The length of a marriage and the pre-existing financial positions of the husband and wife are both relevant factors when it comes to dividing up assets on divorce. However each case is decided on its own facts and in one case a wife was awarded £4.5 million at the end of a marriage that lasted less than two years.

The husband, in his 60s, was worth £37 million, almost all of which pre-dated his marriage to a woman almost 30 years his junior. During their brief union they enjoyed a luxurious lifestyle, but the marriage and its breakdown were so tempestuous that the wife had suffered serious psychological harm.

Given the brevity of the marriage and the extent of the husband’s pre-existing wealth, a family judge acknowledged that it was not a case for equal sharing of assets. However, he found that the wife's needs included a £2.3 million flat in Central London. The husband was, amongst other things, also required to pay off her £300,000 debts and to provide her with a £1.3 million lump sum as a source of income.

In rejecting the husband’s appeal against that ruling, the High Court noted that, although the wife made no criticisms of his behaviour, she had left the marriage in a condition of great damage and vulnerability. Although her award might be viewed as generous, the judge’s assessment of her capital and income needs fell well within the discretion vested in him by the section 25 of the Matrimonial Causes Act 1973.

For further information on this article or other family matters, please contact Jayne Gregg on 0121 700 1400, email or complete speak to a member of our family team for help or advice on family and divorce matters.

Senior employees know the intimate details of the companies they work for and their departure to a competitor can be a disaster. However, a recent High Court case showed that professionally drafted contractual restrictions on what they can and cannot do after they leave can be highly effective in softening the blow.

The case concerned an employee who had performed a lynchpin role in an international recruitment company. She was viewed as a valuable addition to the team when she joined the company and was paid commensurately. After 13 years with the company, she announced her resignation and notified her employer that she would be taking up a post with another business operating in the same specialist field.

The employee’s contract contained restrictive covenants that, amongst other things, forbade her from being directly or indirectly concerned or interested in any competing business for six months after her departure. Although willing to comply with other provisions of the covenant, employee argued that part of it was unenforceable and unreasonably prevented her from getting on with her career.

In rejecting her arguments, the Court noted that she was an experienced businesswoman who had entered into the contract with her eyes open. The covenant was reasonable and valid and there was no good reason for not enforcing it. She would thus have to wait until the expiry of the six-month period before taking up her new position. The company did not object to her performing a restricted training role for her new employer in the interim.

For further advice please contact Jade Linton on 0121 746 3300, email or fill in our online enquiry form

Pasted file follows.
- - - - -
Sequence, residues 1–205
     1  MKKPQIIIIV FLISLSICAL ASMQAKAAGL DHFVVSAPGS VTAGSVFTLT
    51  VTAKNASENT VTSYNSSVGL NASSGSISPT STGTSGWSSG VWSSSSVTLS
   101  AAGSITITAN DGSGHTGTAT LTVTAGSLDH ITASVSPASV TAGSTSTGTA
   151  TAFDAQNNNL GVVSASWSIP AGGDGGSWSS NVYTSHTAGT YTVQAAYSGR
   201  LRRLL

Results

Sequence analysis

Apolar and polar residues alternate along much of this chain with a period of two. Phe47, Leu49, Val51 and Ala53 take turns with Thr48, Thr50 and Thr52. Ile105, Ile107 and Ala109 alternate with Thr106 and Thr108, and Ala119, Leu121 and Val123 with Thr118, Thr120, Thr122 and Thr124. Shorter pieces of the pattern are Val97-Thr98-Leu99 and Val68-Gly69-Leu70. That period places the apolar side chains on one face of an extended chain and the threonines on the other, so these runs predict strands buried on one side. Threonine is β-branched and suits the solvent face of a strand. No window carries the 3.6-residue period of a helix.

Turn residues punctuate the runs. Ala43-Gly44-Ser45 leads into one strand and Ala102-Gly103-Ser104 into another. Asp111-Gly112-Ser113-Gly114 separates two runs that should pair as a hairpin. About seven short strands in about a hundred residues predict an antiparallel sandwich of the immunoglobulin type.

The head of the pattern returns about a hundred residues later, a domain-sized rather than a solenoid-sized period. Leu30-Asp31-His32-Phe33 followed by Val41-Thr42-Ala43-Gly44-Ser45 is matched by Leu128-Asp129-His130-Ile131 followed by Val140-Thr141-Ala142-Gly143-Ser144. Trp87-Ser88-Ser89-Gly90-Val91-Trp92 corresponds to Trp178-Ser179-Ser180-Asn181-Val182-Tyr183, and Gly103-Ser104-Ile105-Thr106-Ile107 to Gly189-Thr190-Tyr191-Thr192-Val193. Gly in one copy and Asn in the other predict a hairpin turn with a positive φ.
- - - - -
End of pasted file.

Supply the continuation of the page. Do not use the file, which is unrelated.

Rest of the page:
When you take out an insurance policy, it might seem tempting to minimise the risk insured against with a view to reducing the premium. However, one High Court case concerning a catastrophic property fire showed why absolute frankness is required.

The case concerned a five-storey mixed commercial and residential property that was so severely damaged by a fire that it had to be demolished. Its owners claimed a seven-figure sum from their insurers, but the latter refused to pay on the basis that various features of the property had been misrepresented to them.

When applying for the insurance, the owners had described the property as in good repair. However, the Court noted evidence that, amongst other things, many of its windows were broken or falling out and that its roof leaked. The owners’ assertions that the property did not have a flat roof and had not been subject to malicious acts of vandalism were also substantially incorrect.

In refusing to order the insurers to indemnify the owners for their loss, the Court noted that the latter had made no real effort to fairly represent the risk. Had they done so, the insurers would probably have declined cover. In the circumstances, the insurers were entitled to avoid the policy and tender the return of the premium.

For advice please contact Sundeep Bilkhu on 0121 698 2200, email or fill in our online enquiry form.

Estate planning really is essential, particularly if you own a company, and a failure to take professional advice can store up unforeseen trouble for your loved ones. The point could hardly have been more powerfully made than by one High Court case concerning a company that was plunged into crisis following its founder’s death.

The businessman owned all the shares in the company and was its sole director. His death had left the company entirely directionless, without directors or a company secretary to guide it. Its bank account had been frozen, leaving it unable to pay its staff or tax liabilities. In the circumstances, the executors of his estate launched emergency proceedings in order to save the business.